5) Developing Talent: Last year Thomas did a good job at developing young talent. Eddy Curry began to develop into a low post offensive force, and for the first time in his career he started to be regularly double-teamed. Before his injury David Lee had a breakout year while averaging a double-double. Rookies Renaldo Balkman and Mardy Collins also showed budding promise. Besides Balkman, this year we were supposed to see Eddy pass out of the double-team, Lee add a jumper to his rebounding, and Collins get on the floor. It hasn’t happened. If all of these guys "hit their ceiling" then it is a GM thing. If not then it is a coaching thing. Sometimes it’s hard to tell.

6) Zach and Eddy:
On paper getting Randolph and Fred Jones for Channing Frye and Steve Francis is a steal. However, unless Zach is going to regularly get 5 assists a night like he did this past Saturday, his arrival seems to have stunted Eddy’s continued growth offensively. And if he is not needed to do heavy lifting offensively, Curry should not be on the floor. Curry will never rebound and play D, but can thrive in a system where he is paired up with a defensive-minded, shot-blocking power forward. Given his rare dominant low-post offense, and reasonable contract (9M), he could be a valuable trade asset to another team that complements his weaknesses. In the short-run Zach and Eddy’s minutes really must be limited together even if it means having one coming off the bench as a super-sub. Lee might not bring you much better interior defense, but he will get some extra rebounds, put-backs, and leave more space in that post for Zach or Eddy to get into their flow.

7) Effort, Effort, Effort: This was the one thing the Knicks didn’t lack last year. The young exciting Knicks would always get themselves in a hole but would routinely fight back from 20 point deficits only to fall short by two points. Against Boston they even went down by 30 points and stormed back to cut it to three. No fan was surprised as they seemed ready to go through a wall for Isiah – at least from an effort point of view. But what a difference a year makes. This year, if they get behind, they seem to accept their fate. Critics say Isiah the GM imported players who don’t hustle or care. But if that is the case, then why did they hustle so much last year (Curry notwithstanding!)?  This one is on Isiah-the-COACH.


What now short-run? So what went wrong since the budding promise of last year? Was it the Marbury benching? The straw poll? The frozen starting line-up? His substitution patterns? The pressure from the early losses? The vicious New York media? The booing fans? All of the above? Who knows? But this team has regressed instead of moved forward. It is now reported that Isiah is FINALLY considering some line-up changes and won’t even rule out removing himself. StopMikeLupica already proposed the Isiah-the-GM remove Isiah-the-coach scenario and implement Herb Williams (see Pat Riley-Stan Van Gundy in Miami). If there isn’t drastic improvement by the end of December, we are on board with this plan. Does that mean the popular and only-media-mentioned “blow the whole team up” plan is best. No. This talented squad deserves to be coached correctly to see what it can really do. If Isiah can’t do it, someone else should.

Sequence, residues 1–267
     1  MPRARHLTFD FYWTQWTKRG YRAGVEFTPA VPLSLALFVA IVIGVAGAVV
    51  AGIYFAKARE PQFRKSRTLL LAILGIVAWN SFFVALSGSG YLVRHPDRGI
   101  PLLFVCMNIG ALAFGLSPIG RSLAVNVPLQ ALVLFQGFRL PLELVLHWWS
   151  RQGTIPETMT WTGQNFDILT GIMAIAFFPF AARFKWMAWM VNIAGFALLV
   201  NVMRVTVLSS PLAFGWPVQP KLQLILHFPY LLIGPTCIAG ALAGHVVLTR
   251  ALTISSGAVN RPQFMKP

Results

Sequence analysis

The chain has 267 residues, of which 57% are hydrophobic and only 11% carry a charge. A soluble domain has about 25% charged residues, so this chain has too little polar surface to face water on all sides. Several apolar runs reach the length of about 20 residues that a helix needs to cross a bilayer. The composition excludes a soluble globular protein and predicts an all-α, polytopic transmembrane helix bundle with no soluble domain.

What now long-run? One or two trades are still in order to correct the structural flaws on this roster. Despite the unrealistic "chemistry critics", the Knick’s past trade assets gave Thomas no such luxury to worry about “chemistry” while desperate for acquiring talent. Now with upcoming expiring contracts (Marbury, Rose, Jones) and a deep young roster of assets (Curry, Balkman, & Lee) there is reasonable room for improvement. Wasn’t it only last year that Danny Ainge was in the running for the worst executive in basketball?

Final Disclaimer: If the Knicks go on an 18 game winning streak, please disregard this article!

[1] The exception to this rule is when a team gets that lucky #1 pick in one of those special lucky years (i.e. Lew Alcindor to Bucks)